"I'm going to die." And I fought it -- I cried, screamed, tried to get out of the door, but I couldn't. By that night, I had fallen asleep again, and when I woke up, I was tied to the bed and that's the night I was raped. I kept thinking, I'm going to die, my parents are not going to know where I'm at, they're never going to find me, I'm never going to see my family again. And I screamed and he just kept forcing himself on me. After it was done, he told me to get up and take a shower and keep my mouth shut. I was in tears and I had blood all over. And he told me if I ever got out and if I ever said anything, he would go after my family, and he would kill me. I was there for three weeks. After one week, he started bringing people in and forcing me to have sex with them as well. I had no escape so I told myself I just need to give in or he's going to kill me, and some time there will be a chance that I will be able to get out but for now I just have to give in, and that's what I did. After the second week, he started bringing people in to look at me to buy me. I never knew what was going to happen -- whether I was going to get raped, bought or taken away then and there. I was drugged and got beaten every day, and I still fought as much as I could, but there wasn't anything I could do.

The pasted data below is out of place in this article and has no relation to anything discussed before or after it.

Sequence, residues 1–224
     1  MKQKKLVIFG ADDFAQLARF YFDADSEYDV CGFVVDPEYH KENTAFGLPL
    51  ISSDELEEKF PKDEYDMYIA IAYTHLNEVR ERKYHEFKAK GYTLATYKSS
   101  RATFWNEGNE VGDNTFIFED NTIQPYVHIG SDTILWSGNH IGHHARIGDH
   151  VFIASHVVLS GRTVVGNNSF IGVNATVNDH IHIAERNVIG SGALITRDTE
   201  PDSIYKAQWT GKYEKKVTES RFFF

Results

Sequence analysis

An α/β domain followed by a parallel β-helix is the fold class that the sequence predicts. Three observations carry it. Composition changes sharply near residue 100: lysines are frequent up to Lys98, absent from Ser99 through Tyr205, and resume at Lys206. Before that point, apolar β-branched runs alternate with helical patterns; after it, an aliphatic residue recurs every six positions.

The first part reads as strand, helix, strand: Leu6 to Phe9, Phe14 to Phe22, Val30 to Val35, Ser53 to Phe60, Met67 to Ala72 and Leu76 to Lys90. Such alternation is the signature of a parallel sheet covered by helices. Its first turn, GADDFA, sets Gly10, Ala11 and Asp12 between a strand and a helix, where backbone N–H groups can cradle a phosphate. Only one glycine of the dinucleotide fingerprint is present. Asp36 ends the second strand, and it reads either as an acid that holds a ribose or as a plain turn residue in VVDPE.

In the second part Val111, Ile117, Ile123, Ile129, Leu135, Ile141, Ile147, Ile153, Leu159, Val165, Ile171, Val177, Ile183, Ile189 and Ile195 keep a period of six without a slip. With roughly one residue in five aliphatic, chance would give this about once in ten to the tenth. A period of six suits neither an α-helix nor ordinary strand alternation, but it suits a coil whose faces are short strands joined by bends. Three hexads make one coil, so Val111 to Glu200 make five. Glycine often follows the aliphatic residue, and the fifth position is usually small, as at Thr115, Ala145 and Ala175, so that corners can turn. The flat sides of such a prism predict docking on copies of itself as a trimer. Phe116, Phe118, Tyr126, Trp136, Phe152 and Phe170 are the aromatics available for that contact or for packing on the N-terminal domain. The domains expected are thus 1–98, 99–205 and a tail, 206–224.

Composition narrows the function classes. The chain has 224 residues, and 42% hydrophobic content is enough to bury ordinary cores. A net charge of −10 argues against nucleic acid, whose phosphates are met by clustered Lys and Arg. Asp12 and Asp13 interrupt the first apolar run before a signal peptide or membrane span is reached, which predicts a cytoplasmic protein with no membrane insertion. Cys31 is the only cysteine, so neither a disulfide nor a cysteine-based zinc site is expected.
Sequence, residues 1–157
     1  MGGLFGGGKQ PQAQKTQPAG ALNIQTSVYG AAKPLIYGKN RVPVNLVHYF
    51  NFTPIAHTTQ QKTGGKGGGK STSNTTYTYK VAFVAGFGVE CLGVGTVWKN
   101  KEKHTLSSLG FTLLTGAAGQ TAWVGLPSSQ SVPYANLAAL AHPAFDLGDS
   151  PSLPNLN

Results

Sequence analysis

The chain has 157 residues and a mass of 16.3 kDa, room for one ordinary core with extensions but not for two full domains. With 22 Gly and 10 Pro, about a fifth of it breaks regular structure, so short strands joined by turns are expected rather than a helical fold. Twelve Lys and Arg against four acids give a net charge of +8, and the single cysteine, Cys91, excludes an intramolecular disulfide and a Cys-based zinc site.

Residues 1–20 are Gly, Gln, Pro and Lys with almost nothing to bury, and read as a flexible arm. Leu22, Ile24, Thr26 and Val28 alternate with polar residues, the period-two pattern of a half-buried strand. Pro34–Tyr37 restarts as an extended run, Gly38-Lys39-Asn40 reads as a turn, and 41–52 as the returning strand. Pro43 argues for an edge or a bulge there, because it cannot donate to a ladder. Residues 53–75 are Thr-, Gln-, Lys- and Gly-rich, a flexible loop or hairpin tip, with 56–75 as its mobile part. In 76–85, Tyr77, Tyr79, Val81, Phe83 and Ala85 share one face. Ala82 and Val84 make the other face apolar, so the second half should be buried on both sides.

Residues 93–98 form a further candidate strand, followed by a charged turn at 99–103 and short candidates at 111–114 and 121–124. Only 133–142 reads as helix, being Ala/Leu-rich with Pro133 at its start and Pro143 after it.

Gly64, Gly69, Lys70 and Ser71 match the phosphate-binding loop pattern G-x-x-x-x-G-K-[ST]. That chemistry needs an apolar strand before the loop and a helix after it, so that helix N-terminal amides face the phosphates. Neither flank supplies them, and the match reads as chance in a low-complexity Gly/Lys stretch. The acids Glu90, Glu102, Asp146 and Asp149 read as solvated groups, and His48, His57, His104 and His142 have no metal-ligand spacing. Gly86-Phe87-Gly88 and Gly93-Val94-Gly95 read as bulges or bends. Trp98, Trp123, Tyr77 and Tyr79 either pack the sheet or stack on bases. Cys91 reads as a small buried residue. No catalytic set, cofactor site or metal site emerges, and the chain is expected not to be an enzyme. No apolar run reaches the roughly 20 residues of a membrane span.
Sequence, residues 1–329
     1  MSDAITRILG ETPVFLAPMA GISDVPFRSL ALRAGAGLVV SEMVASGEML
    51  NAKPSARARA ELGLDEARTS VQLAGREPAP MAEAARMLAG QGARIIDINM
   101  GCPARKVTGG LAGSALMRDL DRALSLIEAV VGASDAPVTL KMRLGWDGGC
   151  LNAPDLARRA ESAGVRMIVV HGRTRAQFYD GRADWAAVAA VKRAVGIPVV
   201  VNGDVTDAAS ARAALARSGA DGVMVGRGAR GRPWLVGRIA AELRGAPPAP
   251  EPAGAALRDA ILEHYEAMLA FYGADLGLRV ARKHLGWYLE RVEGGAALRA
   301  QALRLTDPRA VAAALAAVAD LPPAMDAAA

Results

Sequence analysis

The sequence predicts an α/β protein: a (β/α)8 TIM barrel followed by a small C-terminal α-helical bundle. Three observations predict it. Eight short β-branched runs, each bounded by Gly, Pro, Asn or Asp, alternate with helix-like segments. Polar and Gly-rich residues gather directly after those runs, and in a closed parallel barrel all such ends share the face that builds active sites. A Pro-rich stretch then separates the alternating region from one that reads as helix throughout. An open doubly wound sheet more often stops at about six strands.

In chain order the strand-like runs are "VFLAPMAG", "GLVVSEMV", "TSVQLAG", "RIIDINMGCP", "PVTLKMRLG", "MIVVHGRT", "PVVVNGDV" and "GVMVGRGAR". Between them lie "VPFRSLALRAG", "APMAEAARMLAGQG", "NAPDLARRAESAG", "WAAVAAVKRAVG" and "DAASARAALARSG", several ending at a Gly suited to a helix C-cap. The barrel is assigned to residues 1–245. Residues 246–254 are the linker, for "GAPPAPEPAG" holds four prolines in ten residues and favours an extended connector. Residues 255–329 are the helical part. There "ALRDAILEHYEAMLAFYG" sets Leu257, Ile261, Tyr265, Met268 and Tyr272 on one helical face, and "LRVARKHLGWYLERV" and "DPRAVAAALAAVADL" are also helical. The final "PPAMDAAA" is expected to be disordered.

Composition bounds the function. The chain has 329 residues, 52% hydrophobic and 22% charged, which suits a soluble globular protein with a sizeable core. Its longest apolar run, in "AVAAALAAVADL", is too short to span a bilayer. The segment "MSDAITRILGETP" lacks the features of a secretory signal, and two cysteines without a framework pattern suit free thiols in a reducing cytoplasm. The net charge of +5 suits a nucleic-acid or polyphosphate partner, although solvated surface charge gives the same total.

Going through that, did you ever want to give up on living?
I didn't know what to think -- I had nobody to turn to, nobody to talk to. It looked like this was going to be my life, and I was never going to get out of it and had to accept it, but I didn't want to accept it. I wanted to get out. I always had that in my mind. I was pretty strong willed. I didn't want to die. I still don't know how I made it through. I prayed all the time that God would find a way to come and help me, take me, save me, show me a way out.
And then when a woman from New York City bought you, that was actually what allowed you to escape?
[The abductor's] brother found out about it, and he had a key to the apartment, which was locked from the outside. He came up when the other girl and I were alone and said he didn't know this had been going on and told me I had just been sold and I was supposed to leave on a train that evening to New York City. He asked what I wanted to do, and I said I wanted to go home. So that man saved my life. He got a taxi and paid the taxi money to take me as far as it would take me. I was able to get to my grandmother's house.